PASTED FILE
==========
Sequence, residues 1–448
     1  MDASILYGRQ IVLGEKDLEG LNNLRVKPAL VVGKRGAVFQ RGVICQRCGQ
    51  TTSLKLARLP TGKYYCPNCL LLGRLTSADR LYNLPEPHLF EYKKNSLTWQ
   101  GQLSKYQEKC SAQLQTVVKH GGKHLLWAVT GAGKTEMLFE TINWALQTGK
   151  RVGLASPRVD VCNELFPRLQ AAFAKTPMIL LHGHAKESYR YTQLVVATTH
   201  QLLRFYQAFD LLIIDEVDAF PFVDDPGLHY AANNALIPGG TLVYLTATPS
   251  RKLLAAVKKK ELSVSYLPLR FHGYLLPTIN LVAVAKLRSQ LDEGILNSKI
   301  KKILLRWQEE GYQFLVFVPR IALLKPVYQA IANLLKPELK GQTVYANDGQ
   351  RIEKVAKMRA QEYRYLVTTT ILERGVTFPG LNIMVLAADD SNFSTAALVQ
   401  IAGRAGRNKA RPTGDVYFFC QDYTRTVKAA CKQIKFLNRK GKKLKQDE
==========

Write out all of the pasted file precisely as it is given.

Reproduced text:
Sequence, residues 1–448
     1  MDASILYGRQ IVLGEKDLEG LNNLRVKPAL VVGKRGAVFQ RGVICQRCGQ
    51  TTSLKLARLP TGKYYCPNCL LLGRLTSADR LYNLPEPHLF EYKKNSLTWQ
   101  GQLSKYQEKC SAQLQTVVKH GGKHLLWAVT GAGKTEMLFE TINWALQTGK
   151  RVGLASPRVD VCNELFPRLQ AAFAKTPMIL LHGHAKESYR YTQLVVATTH
   201  QLLRFYQAFD LLIIDEVDAF PFVDDPGLHY AANNALIPGG TLVYLTATPS
   251  RKLLAAVKKK ELSVSYLPLR FHGYLLPTIN LVAVAKLRSQ LDEGILNSKI
   301  KKILLRWQEE GYQFLVFVPR IALLKPVYQA IANLLKPELK GQTVYANDGQ
   351  RIEKVAKMRA QEYRYLVTTT ILERGVTFPG LNIMVLAADD SNFSTAALVQ
   401  IAGRAGRNKA RPTGDVYFFC QDYTRTVKAA CKQIKFLNRK GKKLKQDE